Chip Rogers, President and CEO of the American Hotel & Lodging Association, the country’s biggest hotel lobby, recently spent what he called “one of the most interesting sixty minute time periods of my life” meeting with President Trump and several other hotel industry executives. But in recounting that meeting, Rogers attributed to Trump what sounds exactly like the AHLA’s own strategy.
In a conversation with Hunter Hotel Advisors, Rogers said that getting extra help from the federal government for the hotel industry has been difficult because the Trump administration is concerned that assistance to the hotel industry could be seen as benefitting billionaire President Trump himself via Trump Hotels.
Roger’s comments start at around 8:30 into the following clip:
Two things – and this is so important for people to remember when they get a little frustrated about what they see coming out of the White House. First and foremost, the President clearly understands our industry – he’s a hotelier, it’s not like we had to explain to him how things worked, he gets it. The problem is that he and his entire administration are very sensitive to this idea that anything they are doing is specifically helping hotels because the media is going to accuse him of helping his own business. I know that for a fact because at the beginning of this virus crisis probably the first 50 or so interviews I did, in at least half those interviews people were asking, how is this going to help Trump Hotels? And I kept telling them, look, guys, there are 56,000 hotels in the US, Trump has about 9 of those 56,000, so what we’re working on is to help everybody, including the employees of Trump Hotels, but every single employee that’s in the industry. They are very, very sensitive to anything that could be characterized as helping hotels specifically, so we have to work through that and make sure that what we’re talking about is helping small businesses or at least those small businesses that have been hurt by the pandemic.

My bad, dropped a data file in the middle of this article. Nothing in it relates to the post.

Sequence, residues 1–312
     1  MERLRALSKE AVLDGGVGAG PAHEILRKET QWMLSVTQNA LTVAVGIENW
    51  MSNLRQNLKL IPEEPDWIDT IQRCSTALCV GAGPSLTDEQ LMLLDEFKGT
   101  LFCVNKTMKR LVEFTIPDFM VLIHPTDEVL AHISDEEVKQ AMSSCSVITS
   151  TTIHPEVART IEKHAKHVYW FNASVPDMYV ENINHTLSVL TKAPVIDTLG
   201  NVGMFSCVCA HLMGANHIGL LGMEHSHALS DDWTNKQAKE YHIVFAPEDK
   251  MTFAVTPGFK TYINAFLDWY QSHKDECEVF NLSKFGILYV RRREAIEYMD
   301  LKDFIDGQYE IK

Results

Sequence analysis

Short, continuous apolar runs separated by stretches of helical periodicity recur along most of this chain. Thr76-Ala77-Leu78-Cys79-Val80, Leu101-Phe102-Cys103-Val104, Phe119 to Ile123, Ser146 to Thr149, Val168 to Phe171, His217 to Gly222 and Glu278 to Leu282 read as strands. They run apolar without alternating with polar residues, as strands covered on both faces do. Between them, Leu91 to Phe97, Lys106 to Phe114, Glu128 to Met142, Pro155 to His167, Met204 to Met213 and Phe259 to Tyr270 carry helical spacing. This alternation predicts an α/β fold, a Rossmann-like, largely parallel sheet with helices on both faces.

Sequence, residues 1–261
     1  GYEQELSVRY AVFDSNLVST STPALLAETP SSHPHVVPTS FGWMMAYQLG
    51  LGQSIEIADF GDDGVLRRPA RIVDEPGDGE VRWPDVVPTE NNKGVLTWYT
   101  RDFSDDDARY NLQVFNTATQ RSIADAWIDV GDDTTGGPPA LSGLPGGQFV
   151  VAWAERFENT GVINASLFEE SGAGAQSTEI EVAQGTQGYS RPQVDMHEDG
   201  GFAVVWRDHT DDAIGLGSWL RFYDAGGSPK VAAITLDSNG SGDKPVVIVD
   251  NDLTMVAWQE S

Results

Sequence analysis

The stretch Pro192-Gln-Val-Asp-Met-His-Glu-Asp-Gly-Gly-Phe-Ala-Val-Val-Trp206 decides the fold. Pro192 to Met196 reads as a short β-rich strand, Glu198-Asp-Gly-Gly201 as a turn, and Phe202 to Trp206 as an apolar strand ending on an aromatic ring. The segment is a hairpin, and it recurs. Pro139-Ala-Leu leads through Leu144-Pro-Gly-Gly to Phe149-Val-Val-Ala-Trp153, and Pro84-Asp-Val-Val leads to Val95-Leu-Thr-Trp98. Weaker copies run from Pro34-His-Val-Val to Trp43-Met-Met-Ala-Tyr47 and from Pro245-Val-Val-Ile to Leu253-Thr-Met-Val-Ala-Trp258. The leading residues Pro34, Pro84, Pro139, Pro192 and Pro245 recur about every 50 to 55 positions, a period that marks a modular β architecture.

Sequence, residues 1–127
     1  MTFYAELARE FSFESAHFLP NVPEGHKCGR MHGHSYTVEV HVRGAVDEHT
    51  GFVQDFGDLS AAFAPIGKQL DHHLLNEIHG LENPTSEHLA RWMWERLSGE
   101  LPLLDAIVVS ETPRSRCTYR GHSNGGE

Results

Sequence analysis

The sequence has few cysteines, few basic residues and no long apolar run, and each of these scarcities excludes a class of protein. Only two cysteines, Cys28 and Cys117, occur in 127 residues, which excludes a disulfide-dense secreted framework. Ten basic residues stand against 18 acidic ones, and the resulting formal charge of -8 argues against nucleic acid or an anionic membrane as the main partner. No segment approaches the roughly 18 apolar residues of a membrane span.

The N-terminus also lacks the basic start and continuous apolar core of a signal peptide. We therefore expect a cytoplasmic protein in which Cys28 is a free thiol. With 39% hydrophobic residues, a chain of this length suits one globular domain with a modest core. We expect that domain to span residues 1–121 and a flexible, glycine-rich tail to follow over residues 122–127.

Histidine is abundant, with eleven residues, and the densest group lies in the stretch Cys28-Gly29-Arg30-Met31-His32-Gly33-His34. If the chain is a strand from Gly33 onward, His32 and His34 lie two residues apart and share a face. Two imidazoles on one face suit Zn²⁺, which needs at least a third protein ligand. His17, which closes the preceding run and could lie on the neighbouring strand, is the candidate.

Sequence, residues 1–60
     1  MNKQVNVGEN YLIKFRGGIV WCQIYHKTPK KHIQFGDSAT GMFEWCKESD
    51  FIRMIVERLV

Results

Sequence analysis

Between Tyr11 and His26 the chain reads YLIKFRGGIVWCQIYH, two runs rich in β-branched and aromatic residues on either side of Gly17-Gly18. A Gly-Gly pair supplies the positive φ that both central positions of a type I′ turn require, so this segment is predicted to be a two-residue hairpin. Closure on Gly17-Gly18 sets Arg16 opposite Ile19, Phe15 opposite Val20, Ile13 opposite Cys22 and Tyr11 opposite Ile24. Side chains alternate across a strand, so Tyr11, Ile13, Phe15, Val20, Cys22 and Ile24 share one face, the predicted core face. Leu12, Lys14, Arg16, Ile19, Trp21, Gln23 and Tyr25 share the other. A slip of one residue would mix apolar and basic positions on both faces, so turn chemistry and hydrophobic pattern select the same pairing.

The “tell” in the above quote is the phrase “talking about.” POTUS is “sensitive” about the optics of bailing out global hotel corporations, so we (the AHLA) have to make sure we’re “talking about” helping small businesses.
The same subterfuge is in play when AHLA claims its efforts to get the Federal Reserve to bail out hotel owners locked into troublesome CMBS loans – which would primarily benefit large real estate investment trusts and private equity firms – is motivated by concern for “small business owners” who must be given “a lifeline” so that “workers will have jobs to come back to.” (See our earlier post.) Never mind that bailing out hotel real estate investors is unlikely to bring back any idled workers.
Despite the professed concern for small business owners and “valued employees,” the AHLA’s executive board is comprised primarily of the major hotel operating companies and hospitality REITs, and its agenda and priorities reflect the interests of those large players. Case in point: Among the changes AHLA sought in the PPP program in their April letter to Congressional leaders (archived here on our website) was to add franchise fees paid to the big franchisors like Marriott, Hilton and Hyatt to the list of allowable uses for PPP funds. If the giant hotel brands – which were sitting on billions in cash at the beginning of the pandemic (see cash on hand for Marriott, Hilton, and Hyatt) – really wanted to help the downtrodden small business hotel owners, why wouldn’t they just suspend franchise fees altogether? After all, it’s not like their reservation systems and loyalty programs are filling up hotel rooms at the moment.